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Information about the partial lunar eclipse
on Monday, 7th August 2017
(in Australia and Asia visible, in Europe and Africa partially visible, in America not visible)


Easily explained
During a lunar eclipse, the Moon moves through the shadow of the Earth. This means that the Earth is positioned exactly between the Sun and the Moon and casts its shadow onto the Moon. This is only possible at the full moon and when some other requirements are met. Depending on whether the Moon passes the partial or the core shadow of the Earth, we speak of a partial or total lunar eclipse.



The copper-colored moon
When the moon touches the core shadow of the earth, the first parts of the moon surface begin to darken. If you would actually stand on the moon, you would experience a total solar eclipse! As soon as the moon immerses completely in the core shadow, the surface of the moon begins to glow copper red. Towards the centre of the core shadow, the light fades and turns dark red to brownish grey.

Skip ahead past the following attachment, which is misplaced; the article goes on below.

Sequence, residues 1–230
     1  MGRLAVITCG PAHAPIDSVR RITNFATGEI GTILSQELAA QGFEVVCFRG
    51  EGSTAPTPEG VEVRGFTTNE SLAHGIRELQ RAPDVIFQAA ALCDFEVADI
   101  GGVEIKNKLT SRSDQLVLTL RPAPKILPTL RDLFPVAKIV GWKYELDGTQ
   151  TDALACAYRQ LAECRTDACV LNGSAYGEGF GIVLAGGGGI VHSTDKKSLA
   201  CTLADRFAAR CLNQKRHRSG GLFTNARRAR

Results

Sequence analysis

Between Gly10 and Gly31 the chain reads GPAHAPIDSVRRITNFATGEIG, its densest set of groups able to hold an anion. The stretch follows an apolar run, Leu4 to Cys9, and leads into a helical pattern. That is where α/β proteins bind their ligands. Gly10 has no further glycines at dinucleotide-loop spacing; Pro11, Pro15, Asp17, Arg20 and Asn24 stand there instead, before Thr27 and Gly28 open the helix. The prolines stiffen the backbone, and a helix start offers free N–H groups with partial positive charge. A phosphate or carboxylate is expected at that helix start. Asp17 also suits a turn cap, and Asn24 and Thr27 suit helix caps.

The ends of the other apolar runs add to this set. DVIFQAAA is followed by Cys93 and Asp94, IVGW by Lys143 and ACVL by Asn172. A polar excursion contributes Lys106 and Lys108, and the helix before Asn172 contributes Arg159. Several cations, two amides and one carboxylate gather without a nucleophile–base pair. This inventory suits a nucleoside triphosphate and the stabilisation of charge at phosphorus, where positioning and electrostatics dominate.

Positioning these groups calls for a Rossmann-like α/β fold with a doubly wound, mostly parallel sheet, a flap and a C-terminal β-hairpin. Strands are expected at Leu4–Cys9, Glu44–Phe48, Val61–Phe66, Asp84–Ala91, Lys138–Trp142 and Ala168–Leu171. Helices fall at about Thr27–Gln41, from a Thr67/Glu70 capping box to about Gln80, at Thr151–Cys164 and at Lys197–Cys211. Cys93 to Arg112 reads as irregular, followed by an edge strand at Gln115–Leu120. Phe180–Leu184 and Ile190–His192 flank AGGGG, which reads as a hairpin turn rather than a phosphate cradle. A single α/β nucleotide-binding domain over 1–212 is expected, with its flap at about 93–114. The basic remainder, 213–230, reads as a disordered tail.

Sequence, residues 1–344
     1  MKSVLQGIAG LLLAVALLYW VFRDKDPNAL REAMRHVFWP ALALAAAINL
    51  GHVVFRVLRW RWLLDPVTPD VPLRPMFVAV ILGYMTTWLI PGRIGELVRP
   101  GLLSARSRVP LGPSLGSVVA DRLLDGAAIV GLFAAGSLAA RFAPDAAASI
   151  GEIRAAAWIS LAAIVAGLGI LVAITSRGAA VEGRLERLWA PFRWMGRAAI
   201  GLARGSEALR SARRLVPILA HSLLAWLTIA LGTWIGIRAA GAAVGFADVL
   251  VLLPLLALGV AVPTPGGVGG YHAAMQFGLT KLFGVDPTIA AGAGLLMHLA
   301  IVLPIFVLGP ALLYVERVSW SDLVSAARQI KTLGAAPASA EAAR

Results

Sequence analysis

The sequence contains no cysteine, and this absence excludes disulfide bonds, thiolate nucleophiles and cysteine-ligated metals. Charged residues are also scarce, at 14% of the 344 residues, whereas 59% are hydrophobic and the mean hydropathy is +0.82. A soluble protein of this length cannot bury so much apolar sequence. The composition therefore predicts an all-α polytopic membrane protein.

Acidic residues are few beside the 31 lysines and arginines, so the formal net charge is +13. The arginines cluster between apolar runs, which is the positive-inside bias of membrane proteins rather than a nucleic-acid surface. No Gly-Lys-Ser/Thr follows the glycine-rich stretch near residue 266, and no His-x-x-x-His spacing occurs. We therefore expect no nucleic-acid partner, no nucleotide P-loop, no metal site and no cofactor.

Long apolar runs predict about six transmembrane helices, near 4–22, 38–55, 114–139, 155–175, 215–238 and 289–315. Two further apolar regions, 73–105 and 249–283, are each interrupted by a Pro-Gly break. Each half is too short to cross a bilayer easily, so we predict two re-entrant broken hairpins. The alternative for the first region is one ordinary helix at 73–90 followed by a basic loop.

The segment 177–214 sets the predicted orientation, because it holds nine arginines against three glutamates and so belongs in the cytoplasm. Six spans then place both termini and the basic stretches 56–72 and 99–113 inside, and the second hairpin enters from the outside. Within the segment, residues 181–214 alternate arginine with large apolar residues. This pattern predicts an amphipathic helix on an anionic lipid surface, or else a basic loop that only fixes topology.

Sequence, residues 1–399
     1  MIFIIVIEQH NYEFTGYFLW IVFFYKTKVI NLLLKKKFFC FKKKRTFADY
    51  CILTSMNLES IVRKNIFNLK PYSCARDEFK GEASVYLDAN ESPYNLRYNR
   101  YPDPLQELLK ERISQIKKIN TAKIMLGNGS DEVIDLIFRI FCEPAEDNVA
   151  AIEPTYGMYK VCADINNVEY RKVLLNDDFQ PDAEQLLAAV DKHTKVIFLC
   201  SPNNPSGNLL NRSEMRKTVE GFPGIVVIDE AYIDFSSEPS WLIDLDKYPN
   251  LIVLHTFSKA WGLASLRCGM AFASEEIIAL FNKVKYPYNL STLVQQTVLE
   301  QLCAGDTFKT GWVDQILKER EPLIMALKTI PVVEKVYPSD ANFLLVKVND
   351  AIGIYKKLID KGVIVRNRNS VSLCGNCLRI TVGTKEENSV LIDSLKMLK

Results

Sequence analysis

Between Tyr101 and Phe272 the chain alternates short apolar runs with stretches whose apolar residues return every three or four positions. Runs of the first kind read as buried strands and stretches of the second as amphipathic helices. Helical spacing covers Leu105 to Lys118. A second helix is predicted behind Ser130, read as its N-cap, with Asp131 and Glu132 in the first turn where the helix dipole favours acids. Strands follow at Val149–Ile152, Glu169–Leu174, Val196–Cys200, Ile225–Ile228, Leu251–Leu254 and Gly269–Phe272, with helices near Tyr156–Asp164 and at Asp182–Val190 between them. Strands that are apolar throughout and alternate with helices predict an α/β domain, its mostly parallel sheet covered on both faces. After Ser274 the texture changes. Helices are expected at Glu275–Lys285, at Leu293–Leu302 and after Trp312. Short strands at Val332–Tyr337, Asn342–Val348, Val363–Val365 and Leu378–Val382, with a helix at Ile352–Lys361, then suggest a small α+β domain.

About the visibility
This partial lunar eclipse will be visible in Australia, Asia, the Indian Ocean, the Near and Middle East, and the Antarctica. It can't be seen in America, Central America, nor South America.

• Australia: visible
• Asia: visible
• Middle East: visible
• Near East: visible
• Europe: partially visible
• Africa: partially visible
• America: not visible

The exact moment and sequence of the partial lunar eclipse in Universal Time is:
Monday * 7th August 2017 * 06:20:28 pm (UTC)

• Penumbral eclipse begins: 03:50:02 pm (UTC)
• Partial eclipse begins: 05:22:55 pm (UTC)
• Full moon: 06:10:37 pm (UTC)
• Maximum of the partial eclipse: 06:20:28 pm (UTC)
• Partial eclipse ends: 07:18:10 pm (UTC)
• Penumbral eclipse ends: 08:50:56 pm (UTC)

Because the sequence of a lunar eclipse always coincides with the full moon, you can use the full moon calendar to find out the respective local time of the lunar eclipse for your location.



Links
You may find further interesting information about this subject at:

nasa.gov

www.calsky.com


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